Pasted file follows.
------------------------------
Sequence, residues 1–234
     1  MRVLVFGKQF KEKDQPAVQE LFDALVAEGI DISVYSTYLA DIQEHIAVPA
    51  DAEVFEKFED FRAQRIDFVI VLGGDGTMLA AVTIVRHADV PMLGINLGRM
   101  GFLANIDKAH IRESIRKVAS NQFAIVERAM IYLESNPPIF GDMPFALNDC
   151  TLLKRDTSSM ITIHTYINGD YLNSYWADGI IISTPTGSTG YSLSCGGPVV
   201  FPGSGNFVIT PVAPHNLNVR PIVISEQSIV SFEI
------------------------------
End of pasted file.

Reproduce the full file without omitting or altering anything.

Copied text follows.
Sequence, residues 1–234
     1  MRVLVFGKQF KEKDQPAVQE LFDALVAEGI DISVYSTYLA DIQEHIAVPA
    51  DAEVFEKFED FRAQRIDFVI VLGGDGTMLA AVTIVRHADV PMLGINLGRM
   101  GFLANIDKAH IRESIRKVAS NQFAIVERAM IYLESNPPIF GDMPFALNDC
   151  TLLKRDTSSM ITIHTYINGD YLNSYWADGI IISTPTGSTG YSLSCGGPVV
   201  FPGSGNFVIT PVAPHNLNVR PIVISEQSIV SFEI